Last week was Eve’s birthday. Which of course means a trip to pick up parcels from the post office, never my favourite job. The bored postal worker hands me three packages held together with elastic: Eve King, Eve King, Victoria Wallop. Victoria Wallop? I don’t recognise that writing. Turn over, in the same script, the words ‘From Josie George‘. It’s from Josie! Oh my goodness, it’s my Secret Post Club parcel, and it’s from Josie!
Standing in the middle of the busy pavement outside Asda, I rip open the jiffy bag, as excited as Eve will be later when she opens her packages. I glimpse pink socks, a bar of Green and Blacks Almond and a Lonely Planet photography book. Almost hidden, tucked alongside the book, is an envelope. An envelope means a letter. I’ll wait, read it later, when I get home. You can’t rush a proper letter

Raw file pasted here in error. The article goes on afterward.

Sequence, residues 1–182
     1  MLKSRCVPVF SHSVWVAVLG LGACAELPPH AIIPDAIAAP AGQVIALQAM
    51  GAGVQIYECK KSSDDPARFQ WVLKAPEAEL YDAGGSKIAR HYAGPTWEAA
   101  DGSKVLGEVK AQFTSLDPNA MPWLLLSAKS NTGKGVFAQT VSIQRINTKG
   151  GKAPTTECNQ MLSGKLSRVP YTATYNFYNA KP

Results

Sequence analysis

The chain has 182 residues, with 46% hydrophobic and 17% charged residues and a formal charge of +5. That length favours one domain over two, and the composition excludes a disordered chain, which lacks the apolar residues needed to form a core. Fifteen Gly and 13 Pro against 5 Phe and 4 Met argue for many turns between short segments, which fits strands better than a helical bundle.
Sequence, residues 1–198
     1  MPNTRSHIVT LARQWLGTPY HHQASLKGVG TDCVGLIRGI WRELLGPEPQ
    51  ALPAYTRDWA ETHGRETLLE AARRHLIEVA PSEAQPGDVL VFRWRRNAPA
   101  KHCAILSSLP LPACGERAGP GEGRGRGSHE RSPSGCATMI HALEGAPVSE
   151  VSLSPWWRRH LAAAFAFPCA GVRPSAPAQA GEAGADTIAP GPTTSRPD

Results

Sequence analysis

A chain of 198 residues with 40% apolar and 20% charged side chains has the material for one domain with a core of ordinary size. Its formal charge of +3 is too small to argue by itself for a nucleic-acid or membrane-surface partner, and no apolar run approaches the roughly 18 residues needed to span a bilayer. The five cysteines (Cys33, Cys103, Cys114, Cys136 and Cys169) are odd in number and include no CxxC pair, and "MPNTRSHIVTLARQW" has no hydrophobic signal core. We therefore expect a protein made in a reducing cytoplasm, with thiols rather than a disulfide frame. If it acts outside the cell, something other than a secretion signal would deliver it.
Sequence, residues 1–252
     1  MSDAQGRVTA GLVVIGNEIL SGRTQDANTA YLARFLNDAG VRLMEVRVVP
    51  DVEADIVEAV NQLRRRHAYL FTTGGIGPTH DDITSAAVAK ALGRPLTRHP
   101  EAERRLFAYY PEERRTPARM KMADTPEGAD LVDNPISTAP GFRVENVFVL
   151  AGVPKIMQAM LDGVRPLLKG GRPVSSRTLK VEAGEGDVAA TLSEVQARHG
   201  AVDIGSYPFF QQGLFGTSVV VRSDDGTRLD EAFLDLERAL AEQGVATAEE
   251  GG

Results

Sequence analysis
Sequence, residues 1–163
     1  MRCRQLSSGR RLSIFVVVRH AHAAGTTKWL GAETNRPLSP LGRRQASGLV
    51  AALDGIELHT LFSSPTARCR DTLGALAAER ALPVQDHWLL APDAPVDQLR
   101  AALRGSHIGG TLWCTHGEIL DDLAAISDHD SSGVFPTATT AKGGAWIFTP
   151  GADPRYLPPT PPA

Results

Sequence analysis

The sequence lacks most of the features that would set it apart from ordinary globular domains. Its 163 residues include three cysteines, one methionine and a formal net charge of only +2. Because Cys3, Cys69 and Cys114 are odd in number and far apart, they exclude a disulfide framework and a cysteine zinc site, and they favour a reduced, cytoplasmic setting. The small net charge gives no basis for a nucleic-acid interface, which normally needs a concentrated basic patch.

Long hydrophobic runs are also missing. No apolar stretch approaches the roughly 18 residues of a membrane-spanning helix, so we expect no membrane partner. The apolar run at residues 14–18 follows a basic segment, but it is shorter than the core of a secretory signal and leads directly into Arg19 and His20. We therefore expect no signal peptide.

I can’t wait. I have to read it now. So, getting in the way of hurrying shoppers, I open the letter. And what a gorgeous letter it is too. In her beautiful handwriting, Josie says many lovely things, things that make me smile, things that make the sun come out.
Later, I am still smiling. I don’t often receive letters. Emails, yes. Texts, yes. Cards, sometimes. But letters, no. I used to receive a lot of letters, when I was at boarding school. And later, when I went travelling, my first stop in every city would be the poste restante office. Receiving letters used to make my day, then, like now, I’d stop in the street, unable to contain my excitement at reading writing. Scribbled notes, rambling stories, personality oozing out of every hand inked word. An email’s nice, but it’s not the same. A proper letter makes you feel loved.
The pink socks are gloriously cosy, the yummy chocolate was shared with a friend, the book is full of inspiration. But without a doubt, the most precious thing in the parcel was the letter. Thank you, Josie.